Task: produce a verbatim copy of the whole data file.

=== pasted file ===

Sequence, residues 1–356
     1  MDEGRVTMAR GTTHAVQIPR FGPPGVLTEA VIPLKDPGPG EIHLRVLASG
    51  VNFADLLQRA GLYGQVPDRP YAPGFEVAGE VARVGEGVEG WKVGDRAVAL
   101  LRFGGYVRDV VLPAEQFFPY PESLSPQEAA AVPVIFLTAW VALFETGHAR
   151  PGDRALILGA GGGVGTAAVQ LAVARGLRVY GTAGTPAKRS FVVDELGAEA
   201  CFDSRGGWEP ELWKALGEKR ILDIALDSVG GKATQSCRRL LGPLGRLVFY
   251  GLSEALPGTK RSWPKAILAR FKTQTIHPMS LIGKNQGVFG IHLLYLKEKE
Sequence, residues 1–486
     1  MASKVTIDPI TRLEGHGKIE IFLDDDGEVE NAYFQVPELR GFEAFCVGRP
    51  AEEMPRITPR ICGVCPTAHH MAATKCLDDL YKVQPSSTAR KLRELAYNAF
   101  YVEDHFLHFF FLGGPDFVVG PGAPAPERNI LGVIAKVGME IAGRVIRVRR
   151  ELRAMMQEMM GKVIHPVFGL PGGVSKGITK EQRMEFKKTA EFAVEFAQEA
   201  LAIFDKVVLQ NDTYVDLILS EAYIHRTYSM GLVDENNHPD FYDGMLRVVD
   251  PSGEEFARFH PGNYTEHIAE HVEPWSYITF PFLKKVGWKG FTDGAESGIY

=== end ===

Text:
Sequence, residues 1–356
     1  MDEGRVTMAR GTTHAVQIPR FGPPGVLTEA VIPLKDPGPG EIHLRVLASG
    51  VNFADLLQRA GLYGQVPDRP YAPGFEVAGE VARVGEGVEG WKVGDRAVAL
   101  LRFGGYVRDV VLPAEQFFPY PESLSPQEAA AVPVIFLTAW VALFETGHAR
   151  PGDRALILGA GGGVGTAAVQ LAVARGLRVY GTAGTPAKRS FVVDELGAEA
   201  CFDSRGGWEP ELWKALGEKR ILDIALDSVG GKATQSCRRL LGPLGRLVFY
   251  GLSEALPGTK RSWPKAILAR FKTQTIHPMS LIGKNQGVFG IHLLYLKEKE
Sequence, residues 1–486
     1  MASKVTIDPI TRLEGHGKIE IFLDDDGEVE NAYFQVPELR GFEAFCVGRP
    51  AEEMPRITPR ICGVCPTAHH MAATKCLDDL YKVQPSSTAR KLRELAYNAF
   101  YVEDHFLHFF FLGGPDFVVG PGAPAPERNI LGVIAKVGME IAGRVIRVRR
   151  ELRAMMQEMM GKVIHPVFGL PGGVSKGITK EQRMEFKKTA EFAVEFAQEA
   201  LAIFDKVVLQ NDTYVDLILS EAYIHRTYSM GLVDENNHPD FYDGMLRVVD
   251  PSGEEFARFH PGNYTEHIAE HVEPWSYITF PFLKKVGWKG FTDGAESGIY